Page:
Friday, 16 October 2015

To the Bull Ring

Not to fight Ferdinand, but rather visit the markets.  The Bull Ring is a major commercial centre in Birmingham.  These days the most notable features of the area are the two shopping arcades and the market place.  The arcades contain the usual shopping complex shops so the covered and open markets were our destination.

Wikipedia states the market started in 1154 when Henry II granted a charter to a local land owner.  Initially the area specialised in textiles and by the 16th Century the street was known as Mercer St.  By the early 18th Century the name had been changed to Spicer Street reflecting the decline of cloth and the rise of grocery and meat.  The Bull Ring developed in the main Birmingham market.  By the 1830’s and 40’s it was also a location where the working classes went to demonstrate and listen to speeches.

I wondered why the area was known as the Bull Ring.  Apparently the area was first known as Corn Cheaping and there was a green (small park) in Corn Cheaping that was used for bull baiting.  The bull would be tied by the nose to an iron ring and then “baited” by setting dogs on it.  The bull had some room to move by usually having about 30ft of rope between the ring and it’s nose.  One form of baiting involved using a special breed of dog to attack the bull by biting and holding onto its nose.  The breed were known as Bulldogs.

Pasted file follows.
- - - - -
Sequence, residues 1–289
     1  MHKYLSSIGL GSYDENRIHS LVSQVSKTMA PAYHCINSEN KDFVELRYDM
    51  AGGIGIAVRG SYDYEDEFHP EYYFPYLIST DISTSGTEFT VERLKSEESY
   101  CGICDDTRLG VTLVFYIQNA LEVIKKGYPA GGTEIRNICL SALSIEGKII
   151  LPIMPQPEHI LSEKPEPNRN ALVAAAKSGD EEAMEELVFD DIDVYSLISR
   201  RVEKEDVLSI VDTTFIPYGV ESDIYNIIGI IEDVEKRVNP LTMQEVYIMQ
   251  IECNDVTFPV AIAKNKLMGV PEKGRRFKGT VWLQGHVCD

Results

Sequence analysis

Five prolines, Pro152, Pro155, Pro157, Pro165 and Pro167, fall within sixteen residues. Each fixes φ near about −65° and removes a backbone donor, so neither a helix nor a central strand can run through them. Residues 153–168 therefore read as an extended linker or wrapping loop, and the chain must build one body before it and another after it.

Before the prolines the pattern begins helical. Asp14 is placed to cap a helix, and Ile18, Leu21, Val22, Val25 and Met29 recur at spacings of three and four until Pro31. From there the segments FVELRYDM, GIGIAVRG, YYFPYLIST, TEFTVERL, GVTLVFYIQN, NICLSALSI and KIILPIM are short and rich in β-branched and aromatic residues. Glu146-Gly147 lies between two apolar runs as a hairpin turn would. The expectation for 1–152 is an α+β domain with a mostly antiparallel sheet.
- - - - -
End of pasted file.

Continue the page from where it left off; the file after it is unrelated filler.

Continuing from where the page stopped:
In yesterday’s post I mentioned Typhoo Tea was established by John Sumner.  His ancestors had a grocery business in the Bull Ring which he sold to pay off his debts and start Typhoo Tea.

Today half the market is in two large covered building whilst the rest is an open market with canvas awnings.


There are a large number of meat, poultry and fish vendors in the covered market.


The open market sell fresh fruit and vegetables amongst other goods.


We bought some sweet and juicy dark plums before heading to the nearby China Town where these is a Chinese supermarket.  Steamed dumplings and dim sims for dinner.


We returned to the boat via the new Central Railway Station.


1 comment :

Halfie said...

Have they renamed New Street Station as Central Station? That will confuse a lot of railway travellers for a while.